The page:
data compression link collection


Compression of human speech is a specialized form of audio compression. Greater levels of compression can be achieved by modeling the human vocal tract, and taking advantage of redundancy in human speech.


This project is an attempt to port the free Speex voice codec to a pure Java implementation.

Version 0.9.4 is shipping as of June, 2004.


Posted in June 27th, 2004


The Speex project aims to build a patent-free, Open Source/Free Software voice codec. Unlike other codecs like MP3 and Ogg Vorbis, Speex is designed to compress voice at low bitrates in the 8-32 kbps/channel range. Possible applications include VoIP, internet audio streaming, archiving of speech data (e.g. voice mail), and audio books. In some sense, it is meant to be complementary to the Ogg Vorbis codec.

Speex 1.1.5 was released in April, 2004.

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Posted in April 25th, 2004

The OpenH323 Project

This open source project aims to create a free H.323 stack. The project was started as a reaction to the high cost of commercial implementations of audio and video compression code implementing the various components of H.323. Roger H. adds There are now several useful applications which use the library
including OpenMCU (a reliable multi person conference server)
and GnomeMeeting (a GTK/Gnome GUI client for Linux/BSD Unix

Version 1.13.13 of OpenH323 shipped in Marh, 2004.

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Posted in March 14th, 2004


The folks at Compandent have this to say about their product: Compandent’s ComPacketer is a voice coder which achieves a breakthrough in quality/bit rate/complexity tradeoff. Compandent’s novel technology, the ComPacketer that operates at 2.8 kb/s, produces speech with quality which exceeds that of ITU-T G.723.1 at 6.3 kb/s. Using the ComPacketer, only graceful degradation is introduced in frame erasure environment, as compared to the higher quality degradation introduces by the common standards used for VoIP.

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Posted in March 7th, 2004

GAO Research Speech Codec Software

GAO Research sells speech codecs for quite a few different platforms, including a big batch of DSP parts. They support a wide varity of ITU formats, including G.729, G.711, G.722, and more.


Posted in December 21st, 2003

OTR Audio PDA Player Project

OTR stands for “Old Time Radio”. The owners of this project want to be able to listen to classic mono AM radio recordings on their Sharp PDAs.


Posted in July 23rd, 2003

Hawk Software Commercial Speech Codecs

Hawk Software is now selling a pair of codecs, LPC-10 and OpenLPC, that are suitable for Windows CE, CELinux, and other 32-bit embedded platforms. More are planned for future releases.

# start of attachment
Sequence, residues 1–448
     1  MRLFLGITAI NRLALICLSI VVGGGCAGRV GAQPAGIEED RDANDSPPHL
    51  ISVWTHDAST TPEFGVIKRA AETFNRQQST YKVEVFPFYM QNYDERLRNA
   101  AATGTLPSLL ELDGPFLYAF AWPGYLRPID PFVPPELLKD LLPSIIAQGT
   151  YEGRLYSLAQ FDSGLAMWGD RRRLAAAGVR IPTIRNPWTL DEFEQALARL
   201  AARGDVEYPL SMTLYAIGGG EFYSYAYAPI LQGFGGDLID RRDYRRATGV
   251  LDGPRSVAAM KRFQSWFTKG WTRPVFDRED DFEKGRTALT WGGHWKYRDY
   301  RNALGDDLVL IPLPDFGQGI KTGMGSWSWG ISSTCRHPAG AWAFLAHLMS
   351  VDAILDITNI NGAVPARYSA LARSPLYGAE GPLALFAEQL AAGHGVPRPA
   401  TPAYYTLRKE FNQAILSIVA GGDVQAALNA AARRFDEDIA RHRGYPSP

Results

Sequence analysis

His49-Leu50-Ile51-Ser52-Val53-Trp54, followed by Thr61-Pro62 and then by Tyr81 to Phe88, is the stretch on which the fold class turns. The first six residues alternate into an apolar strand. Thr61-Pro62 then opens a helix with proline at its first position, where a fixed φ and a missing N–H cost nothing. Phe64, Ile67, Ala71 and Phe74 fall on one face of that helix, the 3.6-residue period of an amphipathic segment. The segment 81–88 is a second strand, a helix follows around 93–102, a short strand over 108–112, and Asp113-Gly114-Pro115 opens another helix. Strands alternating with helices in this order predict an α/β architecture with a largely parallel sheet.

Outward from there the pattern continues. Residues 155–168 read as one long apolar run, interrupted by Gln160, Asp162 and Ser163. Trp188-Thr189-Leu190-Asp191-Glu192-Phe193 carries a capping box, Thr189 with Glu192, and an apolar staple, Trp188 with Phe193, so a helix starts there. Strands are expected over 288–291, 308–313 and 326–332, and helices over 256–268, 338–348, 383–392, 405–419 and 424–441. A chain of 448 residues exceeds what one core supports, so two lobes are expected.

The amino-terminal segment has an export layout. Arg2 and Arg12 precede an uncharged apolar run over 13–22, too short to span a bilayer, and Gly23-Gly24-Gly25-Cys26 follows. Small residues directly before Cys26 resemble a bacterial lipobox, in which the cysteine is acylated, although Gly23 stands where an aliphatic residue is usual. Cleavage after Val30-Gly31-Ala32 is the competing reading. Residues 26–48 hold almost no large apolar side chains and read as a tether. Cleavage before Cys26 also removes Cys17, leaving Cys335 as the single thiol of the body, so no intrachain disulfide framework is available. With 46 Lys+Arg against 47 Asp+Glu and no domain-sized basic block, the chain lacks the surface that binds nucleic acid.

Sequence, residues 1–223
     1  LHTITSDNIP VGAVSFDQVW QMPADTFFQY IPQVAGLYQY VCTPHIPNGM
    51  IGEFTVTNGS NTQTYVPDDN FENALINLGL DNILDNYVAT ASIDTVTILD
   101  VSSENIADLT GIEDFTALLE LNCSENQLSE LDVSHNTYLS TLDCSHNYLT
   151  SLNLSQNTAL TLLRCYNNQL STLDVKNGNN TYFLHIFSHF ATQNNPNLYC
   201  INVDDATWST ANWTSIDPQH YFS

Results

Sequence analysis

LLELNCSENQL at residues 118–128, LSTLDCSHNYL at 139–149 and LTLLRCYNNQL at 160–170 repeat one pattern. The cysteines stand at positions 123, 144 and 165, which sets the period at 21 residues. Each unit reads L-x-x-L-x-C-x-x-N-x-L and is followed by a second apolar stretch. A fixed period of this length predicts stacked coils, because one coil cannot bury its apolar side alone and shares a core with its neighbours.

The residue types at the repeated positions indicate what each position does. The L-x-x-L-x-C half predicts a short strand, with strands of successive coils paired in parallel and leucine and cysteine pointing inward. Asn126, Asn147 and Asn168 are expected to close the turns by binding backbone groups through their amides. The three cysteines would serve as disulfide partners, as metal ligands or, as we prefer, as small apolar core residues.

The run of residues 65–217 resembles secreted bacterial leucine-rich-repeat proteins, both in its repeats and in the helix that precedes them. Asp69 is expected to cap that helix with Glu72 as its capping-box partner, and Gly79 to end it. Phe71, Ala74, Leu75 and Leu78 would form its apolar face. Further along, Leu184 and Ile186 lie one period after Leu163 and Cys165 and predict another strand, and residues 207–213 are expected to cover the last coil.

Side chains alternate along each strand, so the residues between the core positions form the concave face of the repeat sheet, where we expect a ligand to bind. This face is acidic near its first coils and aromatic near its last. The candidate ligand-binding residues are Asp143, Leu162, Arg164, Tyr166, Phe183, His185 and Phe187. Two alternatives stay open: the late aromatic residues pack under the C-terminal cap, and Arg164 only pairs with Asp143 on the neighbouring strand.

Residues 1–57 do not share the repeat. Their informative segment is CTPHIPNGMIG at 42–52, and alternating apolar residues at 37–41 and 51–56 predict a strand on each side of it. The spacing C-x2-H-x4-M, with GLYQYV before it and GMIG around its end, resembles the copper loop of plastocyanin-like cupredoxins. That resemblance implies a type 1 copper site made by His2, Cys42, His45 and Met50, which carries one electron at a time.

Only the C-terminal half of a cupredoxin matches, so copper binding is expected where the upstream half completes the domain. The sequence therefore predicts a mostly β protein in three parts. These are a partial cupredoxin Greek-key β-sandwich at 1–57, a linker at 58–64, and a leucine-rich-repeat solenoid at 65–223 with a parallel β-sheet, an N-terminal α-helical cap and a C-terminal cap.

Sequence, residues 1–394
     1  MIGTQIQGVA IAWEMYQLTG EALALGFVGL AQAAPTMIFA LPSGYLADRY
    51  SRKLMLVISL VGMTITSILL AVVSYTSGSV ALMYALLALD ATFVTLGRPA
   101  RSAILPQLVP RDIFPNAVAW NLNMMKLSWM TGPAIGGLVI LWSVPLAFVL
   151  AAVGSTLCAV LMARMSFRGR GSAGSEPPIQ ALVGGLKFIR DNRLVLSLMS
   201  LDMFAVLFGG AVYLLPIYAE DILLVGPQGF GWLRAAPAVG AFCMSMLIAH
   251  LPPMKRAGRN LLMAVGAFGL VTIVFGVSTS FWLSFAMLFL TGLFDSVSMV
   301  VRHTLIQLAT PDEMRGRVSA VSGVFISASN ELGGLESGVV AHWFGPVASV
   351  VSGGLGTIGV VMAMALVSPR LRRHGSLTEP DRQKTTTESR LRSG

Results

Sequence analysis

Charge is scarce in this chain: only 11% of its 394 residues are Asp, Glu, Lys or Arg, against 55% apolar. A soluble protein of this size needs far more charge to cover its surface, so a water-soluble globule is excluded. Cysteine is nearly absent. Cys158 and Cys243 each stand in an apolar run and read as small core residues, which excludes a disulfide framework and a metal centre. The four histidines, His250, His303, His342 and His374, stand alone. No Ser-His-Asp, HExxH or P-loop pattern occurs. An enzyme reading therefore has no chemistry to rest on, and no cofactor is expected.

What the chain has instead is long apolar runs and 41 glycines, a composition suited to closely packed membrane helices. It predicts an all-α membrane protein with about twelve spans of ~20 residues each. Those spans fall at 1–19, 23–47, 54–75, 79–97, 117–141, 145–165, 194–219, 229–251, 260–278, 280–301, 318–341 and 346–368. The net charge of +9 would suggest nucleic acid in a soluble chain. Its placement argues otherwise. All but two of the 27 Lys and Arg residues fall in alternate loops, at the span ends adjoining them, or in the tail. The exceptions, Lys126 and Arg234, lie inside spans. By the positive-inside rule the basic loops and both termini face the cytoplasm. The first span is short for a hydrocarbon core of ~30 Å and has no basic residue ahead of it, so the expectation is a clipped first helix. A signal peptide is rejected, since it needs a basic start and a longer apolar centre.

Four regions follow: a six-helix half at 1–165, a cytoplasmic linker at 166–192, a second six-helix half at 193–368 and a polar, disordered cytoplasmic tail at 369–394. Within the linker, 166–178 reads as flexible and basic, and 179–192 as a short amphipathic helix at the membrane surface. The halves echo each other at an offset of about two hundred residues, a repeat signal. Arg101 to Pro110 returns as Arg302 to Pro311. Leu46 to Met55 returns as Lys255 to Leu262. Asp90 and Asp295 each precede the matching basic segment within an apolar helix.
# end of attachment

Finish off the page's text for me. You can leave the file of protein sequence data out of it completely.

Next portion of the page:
Posted in July 8th, 2003

Epigon Media Technologies

It’s a little hard for me to tell what Epigon is selling. They have a nice picture of some kind of board on their front page, but I don’t think they have any hardware for sale. They do appear to have audio codecs for MPEG-1, MPEG-2, and MPEG-4, as well as what appears to be a proprietary speech codec called eSpeech.

Note: Reader Ragu says that despite the problem siwith the web page, he is a big fan of their products. He is a satisfied customer who feels their audio codecs are the best.

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Posted in July 2nd, 2003

Visual Text To Speech MP3

This product takes your text, converts it to speech, then stores the result in one of several compressed formats, including MP3, Ogg Vorbis, and G.721.


Posted in June 7th, 2003


The EasyAudio ActiveX Control adds speech handling capabilities to your Win32 program. Listed features include nice things such as support for popular codecs including G.729, G.711, and ADPCM, unicast and multicast support, AGC, jitter buffer management, and noise reduction. The web page gives a price of $1000 for the control, and $2000 for the source code. I hope that big price tag includes free distribution rights, but the web site is woefully short on license information.

Version 3.0 is shipping as of March, 2003.


Posted in March 16th, 2003


A nice set of links to AudioCoding information. Since this is a Wiki site, it is highly collaborative - registered users can provide updates and modifications to the site at will. (I think.)

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Posted in December 13th, 2002


Nellymoser is the leading provider of proprietary speech and audio software technology and solutions in the areas of compression, modification, synchronization and conversion. Our products improve speech and audio quality and efficiency in bandwidth-constrained environments while creating more immersive, interactive environments for your applications and services.

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Posted in December 9th, 2002


The Asao libraries from Nellysoft have been designed specifically to address the need for a very small footprint, low bandwidth speech and audio compression. Asao will operate at a variety of bit rates (12/16/24/32 Kbps). This new technology can be rapidly harnessed for applications such as streaming over mobile data networks, Internet radio and embedded platforms such as toys and other consumer devices.